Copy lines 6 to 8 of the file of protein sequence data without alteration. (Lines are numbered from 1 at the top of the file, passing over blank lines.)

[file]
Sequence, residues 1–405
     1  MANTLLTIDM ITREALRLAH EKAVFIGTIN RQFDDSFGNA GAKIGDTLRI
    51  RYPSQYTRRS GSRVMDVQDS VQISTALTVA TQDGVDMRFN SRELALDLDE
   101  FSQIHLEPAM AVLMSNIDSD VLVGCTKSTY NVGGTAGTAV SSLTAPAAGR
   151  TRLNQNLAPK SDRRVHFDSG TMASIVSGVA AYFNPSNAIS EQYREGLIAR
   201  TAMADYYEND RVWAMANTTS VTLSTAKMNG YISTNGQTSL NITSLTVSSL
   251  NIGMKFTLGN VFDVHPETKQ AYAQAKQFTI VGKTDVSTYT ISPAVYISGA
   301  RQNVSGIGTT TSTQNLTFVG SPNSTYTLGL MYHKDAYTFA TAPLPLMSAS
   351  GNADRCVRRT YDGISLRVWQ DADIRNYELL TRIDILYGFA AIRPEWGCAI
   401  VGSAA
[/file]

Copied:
   201  TAMADYYEND RVWAMANTTS VTLSTAKMNG YISTNGQTSL NITSLTVSSL
   251  NIGMKFTLGN VFDVHPETKQ AYAQAKQFTI VGKTDVSTYT ISPAVYISGA
   301  RQNVSGIGTT TSTQNLTFVG SPNSTYTLGL MYHKDAYTFA TAPLPLMSAS